At 10:15 the court goes to recess for a short break. 


PS. I forgot to note that before the trial started, Tim Sweeney was pacing around in circles in the lobby and I eavesdropped on some small talk with the lawyers. Sweeney told a legal aide he went for a hike in Marin over the weekend and discussed his accommodations (an apartment in Oakland) with Katherine Forrest, who is staying in an Airbnb. 




Court resumed around 10:36


Richard Doren begins questioning Phil Schiller, Apple fellow, about the introduction with the iPhone. Pulls up a press release introducing the iPhone in 2007. Release describes it as a “revolutionary mobile phone.” 


Schiller: They wanted a next gen phone, an upgrade to the iPod - “If anyone is going to kill the iPod, we should do it ourselves” - and also, also Blackberries etc., weren’t that great at the Internet. 


Schiller describes how difficult it was to develop and the concerns over whether it would work.  


Schiller: “One, it had to be a phone.” It sounds simple… but “other applications or uses can’t get in the way of that capability.” It also had to be small and work with wireless networks. 

“Most important of all is the security and privacy issues. You’re carrying this around in your pocket.” 


Schiller: “These are highly personal devices with a growing amount of information available everywhere you go roaming on other networks everywhere you go.”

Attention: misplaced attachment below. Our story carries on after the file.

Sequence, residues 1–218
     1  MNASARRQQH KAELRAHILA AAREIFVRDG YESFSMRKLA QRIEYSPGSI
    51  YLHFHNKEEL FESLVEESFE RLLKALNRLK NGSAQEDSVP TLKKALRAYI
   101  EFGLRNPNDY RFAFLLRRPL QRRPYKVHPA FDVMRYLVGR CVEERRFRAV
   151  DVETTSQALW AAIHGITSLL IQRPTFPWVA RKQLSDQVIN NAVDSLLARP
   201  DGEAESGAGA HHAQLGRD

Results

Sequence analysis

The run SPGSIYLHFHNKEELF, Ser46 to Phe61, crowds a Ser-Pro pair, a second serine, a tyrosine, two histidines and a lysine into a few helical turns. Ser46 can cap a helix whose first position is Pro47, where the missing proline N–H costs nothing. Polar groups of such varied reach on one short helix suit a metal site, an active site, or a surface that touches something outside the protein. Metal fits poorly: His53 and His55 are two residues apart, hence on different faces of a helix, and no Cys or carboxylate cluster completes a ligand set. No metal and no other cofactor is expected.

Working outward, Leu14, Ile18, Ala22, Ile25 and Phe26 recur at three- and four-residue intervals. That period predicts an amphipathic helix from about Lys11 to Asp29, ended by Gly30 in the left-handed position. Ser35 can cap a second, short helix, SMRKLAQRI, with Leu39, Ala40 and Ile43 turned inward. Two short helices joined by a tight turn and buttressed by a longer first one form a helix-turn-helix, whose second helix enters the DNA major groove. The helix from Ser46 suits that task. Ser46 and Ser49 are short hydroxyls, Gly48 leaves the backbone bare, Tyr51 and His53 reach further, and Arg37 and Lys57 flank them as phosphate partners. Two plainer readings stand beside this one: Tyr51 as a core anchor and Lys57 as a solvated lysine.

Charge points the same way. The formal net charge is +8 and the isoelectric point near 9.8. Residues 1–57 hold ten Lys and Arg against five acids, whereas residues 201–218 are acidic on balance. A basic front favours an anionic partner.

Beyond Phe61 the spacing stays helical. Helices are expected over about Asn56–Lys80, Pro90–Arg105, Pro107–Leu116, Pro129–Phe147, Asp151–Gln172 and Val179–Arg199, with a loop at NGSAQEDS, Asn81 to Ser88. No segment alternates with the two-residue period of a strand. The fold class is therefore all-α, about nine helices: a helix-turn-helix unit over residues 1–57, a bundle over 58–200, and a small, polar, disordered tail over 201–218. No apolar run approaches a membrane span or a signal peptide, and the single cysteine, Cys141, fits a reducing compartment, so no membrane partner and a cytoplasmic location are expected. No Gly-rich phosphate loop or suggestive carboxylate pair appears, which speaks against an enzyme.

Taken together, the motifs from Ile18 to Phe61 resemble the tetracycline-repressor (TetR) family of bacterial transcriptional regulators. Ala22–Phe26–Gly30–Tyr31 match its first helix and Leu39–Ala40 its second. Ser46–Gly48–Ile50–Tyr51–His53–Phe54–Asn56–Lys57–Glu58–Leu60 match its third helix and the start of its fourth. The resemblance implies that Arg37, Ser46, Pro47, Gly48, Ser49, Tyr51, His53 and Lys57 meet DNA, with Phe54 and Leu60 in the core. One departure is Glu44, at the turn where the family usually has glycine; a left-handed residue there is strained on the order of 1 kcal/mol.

Schiller: Apple does not license iOS data to third parties. Apple is not a hardware or software company but a product company. 


Schiller says Google and MSFT license their operating systems to other devices. Apple does not. If they did that, they would need to support a variety of other products (screens, vendors etc) and “in our opinion it reduces the quality and reduces the speed of innovation.” 

“You just can’t be as fast and efficient at innovating and you just can’t built as high of quality, in our opinion.” 


Schiller has some friction with the mic on his suit around 10:45, repeats himself about his view of the competitive landscape for mobile phones and names a bunch of large tech companies including Amazon and Huawei. 


What about app store competitors? Schiller names Steam and Handango and says they charge 30% commission. 


He describes the market for physical software where developers had to pay for retail distribution. 


Schiller on the apps available in the first gen iPhone: We wanted to have built-in native apps from Apple and the security and privacy risk of opening it up to other native apps was too great and not something we could solve. So we offered up the idea of web apps. There wasn’t time to consider third party APIs and tools and distribution. And didn’t know how to solve the risk of security and privacy for iphone users.